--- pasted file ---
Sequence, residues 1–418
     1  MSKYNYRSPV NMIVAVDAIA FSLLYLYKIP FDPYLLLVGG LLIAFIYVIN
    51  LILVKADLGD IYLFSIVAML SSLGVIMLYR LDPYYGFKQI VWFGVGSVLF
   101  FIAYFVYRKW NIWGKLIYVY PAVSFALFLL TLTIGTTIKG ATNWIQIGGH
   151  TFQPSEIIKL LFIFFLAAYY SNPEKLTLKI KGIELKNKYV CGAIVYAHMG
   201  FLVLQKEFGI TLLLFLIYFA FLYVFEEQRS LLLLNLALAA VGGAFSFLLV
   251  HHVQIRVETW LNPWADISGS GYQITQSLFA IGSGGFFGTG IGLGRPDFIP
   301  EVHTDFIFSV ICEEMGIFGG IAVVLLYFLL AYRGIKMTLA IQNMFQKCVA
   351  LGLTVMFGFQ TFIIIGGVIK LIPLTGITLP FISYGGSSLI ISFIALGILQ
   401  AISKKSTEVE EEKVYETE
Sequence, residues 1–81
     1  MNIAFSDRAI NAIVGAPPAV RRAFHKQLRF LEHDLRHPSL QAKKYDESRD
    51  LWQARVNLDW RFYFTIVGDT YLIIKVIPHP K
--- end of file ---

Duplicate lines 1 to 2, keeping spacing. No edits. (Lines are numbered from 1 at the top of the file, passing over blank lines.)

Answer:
Sequence, residues 1–418
     1  MSKYNYRSPV NMIVAVDAIA FSLLYLYKIP FDPYLLLVGG LLIAFIYVIN